Landlord and Tenant Act 1954
Sections 24 to 28 of the Landlord and Tenant Act 1954 give tenants of non-residential premises a number of important rights, unless the provisions are excluded from the tenancy by a valid agreement.
- The rights can be summarised as: statutory continuation of the tenancy on the same terms at the end of the contractually agreed period of the tenancy; a right to apply to the Court for a new tenancy if the landlord serves a statutory notice requiring the tenant to do so; a right to statutory compensation based on rateable value if the landlord objects to the grant of a new lease on specific grounds (excluding those grounds based on tenant default).
- The parties can exclude sections 24 to 28 by agreement as long as a fairly complex notification and declaration procedure is followed, but only if the tenancy is fixed term rather than a periodic.. This is commonly known as “contracting out”.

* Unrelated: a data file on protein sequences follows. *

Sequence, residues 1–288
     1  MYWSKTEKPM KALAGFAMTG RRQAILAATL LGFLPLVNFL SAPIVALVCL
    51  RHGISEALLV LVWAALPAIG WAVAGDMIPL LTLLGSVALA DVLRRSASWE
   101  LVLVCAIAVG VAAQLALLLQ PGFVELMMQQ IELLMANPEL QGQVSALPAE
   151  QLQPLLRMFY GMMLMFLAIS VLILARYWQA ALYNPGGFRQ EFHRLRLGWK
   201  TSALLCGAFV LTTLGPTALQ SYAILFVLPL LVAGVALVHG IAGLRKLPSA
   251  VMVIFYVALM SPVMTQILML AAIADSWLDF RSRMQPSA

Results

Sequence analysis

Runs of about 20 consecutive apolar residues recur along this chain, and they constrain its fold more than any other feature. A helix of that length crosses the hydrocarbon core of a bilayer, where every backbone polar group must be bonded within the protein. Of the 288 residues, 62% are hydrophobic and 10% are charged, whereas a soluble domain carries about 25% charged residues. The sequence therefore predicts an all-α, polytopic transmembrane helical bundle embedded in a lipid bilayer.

- In order to contract out, the landlord must serve on the tenant a notice in statutory form briefly setting out the 1954 Act rights and the fact that they will be excluded from the tenancy. The tenant must make a declaration (or statutory declaration if the lease is to be granted less than 14 days after service of the notice) in the prescribed statutory forms stating that the tenant has received, read and accepts the notice. The lease must contain an agreement excluding the operation of sections 24 to 28 of the Landlord and Tenant Act 1954 and refer to the service of the notice and making of the declaration.
- The effect of excluding the provisions of the 1954 Act are that the tenant has no right to remain in the property at the end of the lease and the landlord is entirely free to offer a new lease on whatever terms the landlord thinks appropriate, or can decline to grant a new lease at all.
If the lease is not contracted out, and therefore within sections 24 to 28, the tenant can stay in the premises after the contractual end date in the lease under the same terms and conditions until the expiry of a notice served either by the landlord or the tenant, or until proceedings for the grant of a new lease have been concluded.